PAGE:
We introduce CooksBook, the recipe site that fits. CooksBook was designed two accommodate three main types of interactions: searching for recipes, creating meals, and finding cookbooks.
Key Design Elements
Constrain then Browse
We found that user's primary search was based on a applying an initial constraint to the search space ("fish", "vegetarian", etc). We found that the choice of cookbook is physical analog to this process. Secondary search was based more heavily on more emotional appeal; users viewed many appropriate recipes and selected one based on their occasion-based criteria (see mental models). By retaining this interaction in our web site, users were enabled to perform more explorative recipe searches and find unanticipated recipes.
Users assessed difficulty mainly based on the type of ingredients used in the recipe. They later confirmed that the recipe was within their expertise by looking through the procedure. In our web site, we enabled rapid delving into specific recipes and returning to the browse interface to accommodate this practice.
We found that users had existing recipe annotation and storage systems. We retained this practice by enabling users to print their recipes on a 3x5 card, which would fit into a recipe box that was kept in the kitchen to store favorite recipes. In addition, we found that more experienced cooks enjoyed keeping notes in their cookbooks with margin annotations. We also preserved this by adding the ability to easily take notes on every recipe detail web page.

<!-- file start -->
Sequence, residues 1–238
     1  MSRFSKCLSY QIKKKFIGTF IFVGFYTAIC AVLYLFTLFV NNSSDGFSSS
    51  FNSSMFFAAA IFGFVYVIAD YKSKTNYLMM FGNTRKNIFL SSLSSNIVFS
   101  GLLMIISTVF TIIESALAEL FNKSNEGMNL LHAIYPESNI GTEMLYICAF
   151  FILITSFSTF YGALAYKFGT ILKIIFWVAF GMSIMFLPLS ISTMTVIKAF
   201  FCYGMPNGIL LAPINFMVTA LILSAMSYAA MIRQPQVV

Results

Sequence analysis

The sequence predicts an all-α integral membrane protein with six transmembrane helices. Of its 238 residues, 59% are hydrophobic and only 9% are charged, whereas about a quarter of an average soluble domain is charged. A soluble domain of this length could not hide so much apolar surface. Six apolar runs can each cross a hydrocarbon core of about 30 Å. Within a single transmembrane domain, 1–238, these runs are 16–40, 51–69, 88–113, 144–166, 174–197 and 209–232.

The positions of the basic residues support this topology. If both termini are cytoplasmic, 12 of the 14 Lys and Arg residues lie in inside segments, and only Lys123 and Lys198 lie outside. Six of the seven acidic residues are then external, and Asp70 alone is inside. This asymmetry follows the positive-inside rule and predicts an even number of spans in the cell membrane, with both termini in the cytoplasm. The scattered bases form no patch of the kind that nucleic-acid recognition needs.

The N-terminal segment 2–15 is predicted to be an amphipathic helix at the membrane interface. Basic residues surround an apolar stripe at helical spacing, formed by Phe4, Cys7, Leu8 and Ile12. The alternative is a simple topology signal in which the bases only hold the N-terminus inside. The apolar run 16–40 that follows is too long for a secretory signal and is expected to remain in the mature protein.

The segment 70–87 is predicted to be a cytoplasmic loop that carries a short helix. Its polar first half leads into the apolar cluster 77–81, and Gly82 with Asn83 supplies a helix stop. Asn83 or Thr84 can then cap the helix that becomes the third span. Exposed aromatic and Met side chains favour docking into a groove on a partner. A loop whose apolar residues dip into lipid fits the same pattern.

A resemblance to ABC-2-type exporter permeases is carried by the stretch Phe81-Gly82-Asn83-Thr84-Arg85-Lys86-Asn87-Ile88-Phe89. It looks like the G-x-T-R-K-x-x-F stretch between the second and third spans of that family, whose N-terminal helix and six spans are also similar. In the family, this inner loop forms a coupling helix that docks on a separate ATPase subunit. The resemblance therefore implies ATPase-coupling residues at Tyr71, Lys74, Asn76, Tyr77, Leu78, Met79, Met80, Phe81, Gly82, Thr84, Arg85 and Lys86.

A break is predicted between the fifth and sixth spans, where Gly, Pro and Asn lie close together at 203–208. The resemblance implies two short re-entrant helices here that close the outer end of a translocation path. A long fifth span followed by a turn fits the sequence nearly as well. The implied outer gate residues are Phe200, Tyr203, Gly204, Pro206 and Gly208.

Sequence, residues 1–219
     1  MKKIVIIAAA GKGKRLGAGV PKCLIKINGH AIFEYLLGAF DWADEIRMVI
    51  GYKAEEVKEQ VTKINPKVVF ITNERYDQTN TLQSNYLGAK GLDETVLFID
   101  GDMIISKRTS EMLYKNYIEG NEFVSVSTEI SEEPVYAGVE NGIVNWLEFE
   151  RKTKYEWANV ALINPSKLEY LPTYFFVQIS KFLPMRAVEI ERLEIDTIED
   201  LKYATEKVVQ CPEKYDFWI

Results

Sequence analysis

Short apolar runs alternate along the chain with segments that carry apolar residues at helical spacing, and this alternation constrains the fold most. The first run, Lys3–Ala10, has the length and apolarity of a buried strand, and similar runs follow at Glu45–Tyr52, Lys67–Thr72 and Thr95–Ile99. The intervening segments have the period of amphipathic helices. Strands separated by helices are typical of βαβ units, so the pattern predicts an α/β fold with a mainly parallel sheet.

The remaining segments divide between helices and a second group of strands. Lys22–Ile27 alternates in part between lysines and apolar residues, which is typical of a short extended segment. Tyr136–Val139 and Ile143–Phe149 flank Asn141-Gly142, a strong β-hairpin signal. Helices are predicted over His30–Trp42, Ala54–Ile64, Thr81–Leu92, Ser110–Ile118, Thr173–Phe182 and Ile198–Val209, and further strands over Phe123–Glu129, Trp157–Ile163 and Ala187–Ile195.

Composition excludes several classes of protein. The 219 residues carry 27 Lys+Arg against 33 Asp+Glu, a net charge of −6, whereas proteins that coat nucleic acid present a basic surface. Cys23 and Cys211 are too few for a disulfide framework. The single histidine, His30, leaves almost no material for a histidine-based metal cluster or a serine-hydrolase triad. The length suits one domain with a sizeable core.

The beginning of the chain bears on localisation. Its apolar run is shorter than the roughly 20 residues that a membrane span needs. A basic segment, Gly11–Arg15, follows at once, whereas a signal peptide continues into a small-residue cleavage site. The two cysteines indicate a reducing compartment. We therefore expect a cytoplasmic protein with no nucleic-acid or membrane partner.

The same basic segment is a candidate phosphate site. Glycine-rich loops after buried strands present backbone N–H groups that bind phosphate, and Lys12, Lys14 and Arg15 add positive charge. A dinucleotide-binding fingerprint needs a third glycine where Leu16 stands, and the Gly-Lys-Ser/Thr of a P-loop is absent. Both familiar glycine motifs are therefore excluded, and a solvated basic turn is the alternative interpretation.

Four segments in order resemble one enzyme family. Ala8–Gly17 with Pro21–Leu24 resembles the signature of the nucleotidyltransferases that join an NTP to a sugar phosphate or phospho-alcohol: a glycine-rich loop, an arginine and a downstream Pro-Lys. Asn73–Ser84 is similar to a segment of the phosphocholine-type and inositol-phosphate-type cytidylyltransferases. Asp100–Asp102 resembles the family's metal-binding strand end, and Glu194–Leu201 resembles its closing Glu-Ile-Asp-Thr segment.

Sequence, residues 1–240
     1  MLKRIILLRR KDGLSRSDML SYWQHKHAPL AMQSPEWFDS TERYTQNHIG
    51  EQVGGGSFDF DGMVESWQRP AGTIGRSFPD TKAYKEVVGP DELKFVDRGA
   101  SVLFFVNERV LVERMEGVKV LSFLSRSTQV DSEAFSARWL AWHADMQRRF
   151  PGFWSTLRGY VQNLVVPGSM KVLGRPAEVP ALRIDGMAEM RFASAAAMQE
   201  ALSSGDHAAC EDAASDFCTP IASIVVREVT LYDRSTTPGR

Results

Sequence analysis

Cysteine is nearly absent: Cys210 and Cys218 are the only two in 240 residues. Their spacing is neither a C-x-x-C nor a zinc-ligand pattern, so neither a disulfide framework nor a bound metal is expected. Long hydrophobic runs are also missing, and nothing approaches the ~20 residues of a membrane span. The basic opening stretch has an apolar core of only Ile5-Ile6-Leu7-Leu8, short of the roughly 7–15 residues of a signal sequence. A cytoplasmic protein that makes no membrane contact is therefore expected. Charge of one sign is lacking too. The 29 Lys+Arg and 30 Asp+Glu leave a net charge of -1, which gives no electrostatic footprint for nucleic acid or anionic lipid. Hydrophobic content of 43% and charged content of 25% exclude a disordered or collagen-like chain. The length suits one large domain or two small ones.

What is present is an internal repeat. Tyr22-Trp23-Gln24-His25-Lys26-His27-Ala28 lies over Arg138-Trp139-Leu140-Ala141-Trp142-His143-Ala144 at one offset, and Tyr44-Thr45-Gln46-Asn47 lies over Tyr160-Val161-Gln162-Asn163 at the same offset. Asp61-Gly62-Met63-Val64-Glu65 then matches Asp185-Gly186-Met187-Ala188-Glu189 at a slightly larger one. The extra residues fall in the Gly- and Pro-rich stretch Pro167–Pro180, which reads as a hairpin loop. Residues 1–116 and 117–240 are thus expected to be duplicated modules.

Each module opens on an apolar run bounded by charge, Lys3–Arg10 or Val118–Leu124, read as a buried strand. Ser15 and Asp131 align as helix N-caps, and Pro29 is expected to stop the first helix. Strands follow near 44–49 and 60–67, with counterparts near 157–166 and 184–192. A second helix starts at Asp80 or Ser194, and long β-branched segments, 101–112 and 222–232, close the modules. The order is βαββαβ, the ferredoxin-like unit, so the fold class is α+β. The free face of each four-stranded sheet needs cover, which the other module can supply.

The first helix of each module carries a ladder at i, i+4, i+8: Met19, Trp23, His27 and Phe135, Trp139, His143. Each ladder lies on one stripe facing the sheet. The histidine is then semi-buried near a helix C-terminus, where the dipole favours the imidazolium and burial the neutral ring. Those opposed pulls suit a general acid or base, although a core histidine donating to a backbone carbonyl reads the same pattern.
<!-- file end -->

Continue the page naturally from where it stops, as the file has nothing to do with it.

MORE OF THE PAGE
Recipes are only suggested methods of preparing a meal. We found that there exist multiple reasons for making modifications that range from accommodating health restrictions to making a meal more authentic. We enabled rapid and easy substitution of ingredients through our substitution interface, which automatically suggests substitutions previously used by community members.
Simple and Consistent Interaction Metaphor
We found that many users of a recipe site remain novice users and thus must be able to navigate through the interface without having to learn new interactions at each page. To lower the learning costs, we designed our site to use the same constrain and browse metaphors to locate both recipes and cookbooks.
|IID.2006 - Project 3|
|IID 2006 . Human-Computer Interaction Institute . Carnegie Mellon University|